You are here

Your Local Gas Station Could Be a Major Security Vulnerability

Unprotected ports and systems without passwords are leaving many gas station networks open to hacks.

When it comes to security, many gas stations have typically been concerned with defending against credit card skimmers on their pumps and point-of sale vulnerabilities. But they will now need to widen their security scope to include their automated tank gauges, many of which lack password protection, as recently discovered by the IT security solution provider Rapid7.

ATGs are used to monitor fuel tank levels and track deliveries and to raise alarms when a problem occurs (such as a fuel spill). They also have serial ports (and some even have TCP/IP cards) that allow them to be remotely accessed for monitoring and programming.

When alerted to this vulnerability by Jack Chadowitz, founder of Kachoolie, Rapid7 conducted an Internetwide IPv4 scan, looking for any addresses with an open TCP port 10001 (the most common configuration for ATGs) and without a set password. Like so many security vulnerabilities, this one is simple and exists primarily because basic security protocol isn’t followed: unsecure port, passwords unset.

This scan revealed 5,800 vulnerable ATGs globally, with 5,300 of them in the U.S. The researchers then sent Get In-Tank Inventory Report requests to these exposed ATGs, quickly gleaning a station’s name and address along with the number of tanks and their levels and fuel types.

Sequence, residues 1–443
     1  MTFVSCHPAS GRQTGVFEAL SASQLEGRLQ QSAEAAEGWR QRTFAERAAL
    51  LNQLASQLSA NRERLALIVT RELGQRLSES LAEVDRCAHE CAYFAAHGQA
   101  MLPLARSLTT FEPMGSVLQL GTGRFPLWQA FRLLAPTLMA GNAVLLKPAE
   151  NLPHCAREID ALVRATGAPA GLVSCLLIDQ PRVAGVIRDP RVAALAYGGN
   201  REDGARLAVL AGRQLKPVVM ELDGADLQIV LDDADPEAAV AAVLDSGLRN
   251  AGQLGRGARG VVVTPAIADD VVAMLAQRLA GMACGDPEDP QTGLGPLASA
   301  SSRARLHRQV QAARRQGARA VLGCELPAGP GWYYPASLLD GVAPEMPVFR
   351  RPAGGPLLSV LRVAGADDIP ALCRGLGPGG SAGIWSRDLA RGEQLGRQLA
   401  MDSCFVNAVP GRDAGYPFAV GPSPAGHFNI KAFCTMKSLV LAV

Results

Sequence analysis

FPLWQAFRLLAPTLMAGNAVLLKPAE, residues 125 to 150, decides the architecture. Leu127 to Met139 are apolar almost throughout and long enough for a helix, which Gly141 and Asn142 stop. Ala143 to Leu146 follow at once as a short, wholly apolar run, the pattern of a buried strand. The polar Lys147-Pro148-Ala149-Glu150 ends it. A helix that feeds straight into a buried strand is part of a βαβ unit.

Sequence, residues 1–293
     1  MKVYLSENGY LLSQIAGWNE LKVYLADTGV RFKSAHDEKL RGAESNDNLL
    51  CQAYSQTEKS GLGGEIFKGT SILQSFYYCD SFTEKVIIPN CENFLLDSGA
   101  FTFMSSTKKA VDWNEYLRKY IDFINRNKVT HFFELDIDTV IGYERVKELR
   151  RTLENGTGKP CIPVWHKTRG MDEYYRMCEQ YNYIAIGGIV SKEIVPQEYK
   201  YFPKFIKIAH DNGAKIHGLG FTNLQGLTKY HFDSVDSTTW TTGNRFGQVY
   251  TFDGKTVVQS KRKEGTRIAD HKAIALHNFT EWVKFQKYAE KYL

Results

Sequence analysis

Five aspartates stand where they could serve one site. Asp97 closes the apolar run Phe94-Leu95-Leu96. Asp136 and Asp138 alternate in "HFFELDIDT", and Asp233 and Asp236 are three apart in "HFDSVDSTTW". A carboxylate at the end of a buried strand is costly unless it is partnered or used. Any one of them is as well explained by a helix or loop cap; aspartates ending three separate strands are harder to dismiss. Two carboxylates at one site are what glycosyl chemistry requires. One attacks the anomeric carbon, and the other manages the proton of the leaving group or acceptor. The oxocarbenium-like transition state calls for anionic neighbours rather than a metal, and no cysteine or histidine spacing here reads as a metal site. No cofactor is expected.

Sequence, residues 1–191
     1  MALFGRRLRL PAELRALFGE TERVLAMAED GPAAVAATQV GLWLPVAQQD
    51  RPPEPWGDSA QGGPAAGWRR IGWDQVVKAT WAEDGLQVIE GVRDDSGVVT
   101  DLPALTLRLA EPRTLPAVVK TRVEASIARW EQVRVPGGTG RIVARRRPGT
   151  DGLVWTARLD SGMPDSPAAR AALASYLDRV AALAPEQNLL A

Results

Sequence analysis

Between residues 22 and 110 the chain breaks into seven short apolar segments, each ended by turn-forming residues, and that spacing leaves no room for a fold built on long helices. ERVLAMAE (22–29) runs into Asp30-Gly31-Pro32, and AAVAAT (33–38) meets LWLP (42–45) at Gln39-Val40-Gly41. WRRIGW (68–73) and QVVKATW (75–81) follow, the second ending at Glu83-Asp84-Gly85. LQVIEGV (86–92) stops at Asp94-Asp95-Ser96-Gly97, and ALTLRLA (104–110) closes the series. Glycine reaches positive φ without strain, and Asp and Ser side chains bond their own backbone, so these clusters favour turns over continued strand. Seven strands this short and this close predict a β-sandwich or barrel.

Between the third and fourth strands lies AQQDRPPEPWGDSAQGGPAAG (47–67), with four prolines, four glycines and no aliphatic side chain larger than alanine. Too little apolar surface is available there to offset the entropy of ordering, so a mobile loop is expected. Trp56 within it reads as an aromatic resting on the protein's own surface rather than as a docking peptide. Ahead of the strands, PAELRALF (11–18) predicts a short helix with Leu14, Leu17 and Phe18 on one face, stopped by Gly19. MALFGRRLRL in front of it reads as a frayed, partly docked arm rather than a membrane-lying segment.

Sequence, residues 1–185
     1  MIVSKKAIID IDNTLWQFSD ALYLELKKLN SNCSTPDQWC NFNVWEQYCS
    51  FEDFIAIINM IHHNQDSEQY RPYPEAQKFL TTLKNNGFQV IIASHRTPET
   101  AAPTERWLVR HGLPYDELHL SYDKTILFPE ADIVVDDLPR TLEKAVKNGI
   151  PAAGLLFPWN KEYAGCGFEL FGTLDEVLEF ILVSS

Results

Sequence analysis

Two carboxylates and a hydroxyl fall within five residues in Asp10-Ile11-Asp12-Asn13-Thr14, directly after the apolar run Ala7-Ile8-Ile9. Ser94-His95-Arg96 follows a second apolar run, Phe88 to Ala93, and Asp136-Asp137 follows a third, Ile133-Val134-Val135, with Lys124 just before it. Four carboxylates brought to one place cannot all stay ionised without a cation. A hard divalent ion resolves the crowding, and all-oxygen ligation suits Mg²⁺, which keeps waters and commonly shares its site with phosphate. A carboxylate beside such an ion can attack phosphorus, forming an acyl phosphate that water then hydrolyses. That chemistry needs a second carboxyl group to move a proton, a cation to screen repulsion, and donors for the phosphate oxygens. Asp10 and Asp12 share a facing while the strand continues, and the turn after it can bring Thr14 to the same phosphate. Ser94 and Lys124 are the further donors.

While Rapid7 researchers do not believe that this vulnerability is being exploited much in the wild, they do express concern that an attacker could potentially reset alarm thresholds, reset the system and generally disrupt the operation of the pump. Another tactic might involve changing the access settings and then triggering a manual shutdown. No special tools are needed to access these ATGs, so it would take little effort to disrupt the service at 5,300 gas stations across the country.

With this revelation and others, gas stations and other energy-sector businesses are realizing that in a connected, Internet-of-Everything world, security can no longer be an afterthought — it must be weighed right alongside business needs.

Gas stations concerned about the ATG issue can check out the web-based portal developed by Mr. Chadowitz to determine if their ATGs are at risk. Rapid7 suggests using a VPN gateway to connect ATGs to the company’s monitoring service.

robwilson39/iStock Editorial/ThinkStockPhotos
Jan 30 2015

Comments